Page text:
Better Tracking of Adverse Events Following Immunization

The 2014 audit recommended that the Ministry

The Ministry reported that it has worked with Public Health Ontario to develop a fact sheet to provide parents with information on how to identify an adverse reaction. The Ministry is currently waiting for approval of revisions to the Health Protection and Promotion Act that would allow the collection of information on health care providers who administer vaccines with adverse events. The Committee heard that a Public Health Accountability Framework is currently being developed that includes guidelines for tracking areas with adverse events following immunization. In November 2016 Public Health Ontario published public health unit-specific adverse events reporting rates for the first time.

Committee Recommendations

The Standing Committee on Public Accounts recommends that:

12.  The Ministry of Health and Long-Term Care should immediately begin developing a plan for collecting and tracking information on the health-care providers who administer vaccines with adverse events.

13.  The Ministry of Health and Long-Term Care and Public Health Ontario should develop and implement an official strategy for following up on adverse events following immunization once the Public Health Accountability Framework is finalized in January 2018.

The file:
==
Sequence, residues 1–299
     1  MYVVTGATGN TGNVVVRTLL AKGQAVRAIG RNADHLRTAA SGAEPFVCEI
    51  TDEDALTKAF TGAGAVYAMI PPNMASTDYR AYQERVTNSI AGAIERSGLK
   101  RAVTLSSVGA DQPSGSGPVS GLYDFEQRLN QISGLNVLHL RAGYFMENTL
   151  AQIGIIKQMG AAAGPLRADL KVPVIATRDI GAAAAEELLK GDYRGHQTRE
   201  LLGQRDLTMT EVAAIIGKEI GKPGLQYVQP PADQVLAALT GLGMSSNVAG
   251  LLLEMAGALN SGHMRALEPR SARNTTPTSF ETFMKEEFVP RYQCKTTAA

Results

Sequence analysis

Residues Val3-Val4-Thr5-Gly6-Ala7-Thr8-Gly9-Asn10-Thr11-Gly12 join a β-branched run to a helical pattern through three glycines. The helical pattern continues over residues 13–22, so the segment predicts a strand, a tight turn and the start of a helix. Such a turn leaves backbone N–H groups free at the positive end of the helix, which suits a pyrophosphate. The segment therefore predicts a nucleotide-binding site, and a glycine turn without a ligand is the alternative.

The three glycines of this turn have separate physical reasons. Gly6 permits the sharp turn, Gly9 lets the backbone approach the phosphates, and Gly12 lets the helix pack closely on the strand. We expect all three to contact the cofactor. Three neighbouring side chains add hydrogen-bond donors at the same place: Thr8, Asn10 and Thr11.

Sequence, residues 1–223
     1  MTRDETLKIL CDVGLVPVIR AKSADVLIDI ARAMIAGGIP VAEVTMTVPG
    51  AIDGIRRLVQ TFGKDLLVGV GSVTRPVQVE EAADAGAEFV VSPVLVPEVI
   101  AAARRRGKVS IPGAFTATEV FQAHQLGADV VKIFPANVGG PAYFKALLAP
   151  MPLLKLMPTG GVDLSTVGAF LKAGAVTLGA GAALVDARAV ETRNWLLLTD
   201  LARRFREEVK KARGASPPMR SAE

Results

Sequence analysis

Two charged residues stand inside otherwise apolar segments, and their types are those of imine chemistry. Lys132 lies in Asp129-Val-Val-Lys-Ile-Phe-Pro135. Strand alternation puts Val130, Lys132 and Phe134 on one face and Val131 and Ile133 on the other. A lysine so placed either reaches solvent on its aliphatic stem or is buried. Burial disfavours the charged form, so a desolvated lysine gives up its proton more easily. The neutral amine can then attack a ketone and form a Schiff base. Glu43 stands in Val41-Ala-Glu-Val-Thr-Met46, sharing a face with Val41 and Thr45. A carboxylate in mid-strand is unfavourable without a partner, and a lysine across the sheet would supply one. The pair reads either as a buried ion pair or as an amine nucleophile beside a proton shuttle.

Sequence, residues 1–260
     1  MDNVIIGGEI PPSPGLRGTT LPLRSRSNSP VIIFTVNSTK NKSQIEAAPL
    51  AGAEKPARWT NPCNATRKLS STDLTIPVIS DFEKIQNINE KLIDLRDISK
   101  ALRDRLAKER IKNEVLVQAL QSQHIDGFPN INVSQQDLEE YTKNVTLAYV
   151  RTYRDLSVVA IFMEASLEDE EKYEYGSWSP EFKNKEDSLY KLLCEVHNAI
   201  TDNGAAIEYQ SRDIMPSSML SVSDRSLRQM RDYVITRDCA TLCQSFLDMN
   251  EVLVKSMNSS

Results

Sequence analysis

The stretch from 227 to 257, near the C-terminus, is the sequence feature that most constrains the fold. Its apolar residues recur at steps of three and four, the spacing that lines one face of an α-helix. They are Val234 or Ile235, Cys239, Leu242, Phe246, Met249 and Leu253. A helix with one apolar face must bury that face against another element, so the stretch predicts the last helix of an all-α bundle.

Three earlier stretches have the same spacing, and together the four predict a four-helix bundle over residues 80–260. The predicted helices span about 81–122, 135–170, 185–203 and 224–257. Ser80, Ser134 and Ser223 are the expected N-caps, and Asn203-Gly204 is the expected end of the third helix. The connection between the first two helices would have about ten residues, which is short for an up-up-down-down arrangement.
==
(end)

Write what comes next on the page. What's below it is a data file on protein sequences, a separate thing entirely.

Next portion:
Better Oversight of Vaccine Wastage

The 2014 audit recommended that the Ministry implement processes to ensure the number of vaccines ordered is reasonable, revise minimum standards for refrigeration used to store vaccines, and review vaccine wastage by health care providers.

The Committee asked what information has been gathered from public health units about vaccine wastage in physicians’ offices; the percentage of wastage for the measles, mumps, and rubella vaccines; and the number of unannounced inspections of physicians’ offices.

The Committee heard that Panorama’s inventory management module has played a large role in tracking vaccine wastage. The Ministry estimates it has a 6%-7% level of vaccine wastage overall, and below 10% for the vaccines for measles, mumps and rubella. The Ministry noted it is not its practice to conduct unannounced visits but would conduct an unannounced visit if the premises had previously been non-compliant with storage and handling requirement. The Ministry noted this is a new requirement that comes into force with the new Public Health Ontario Standards on January 1, 2018.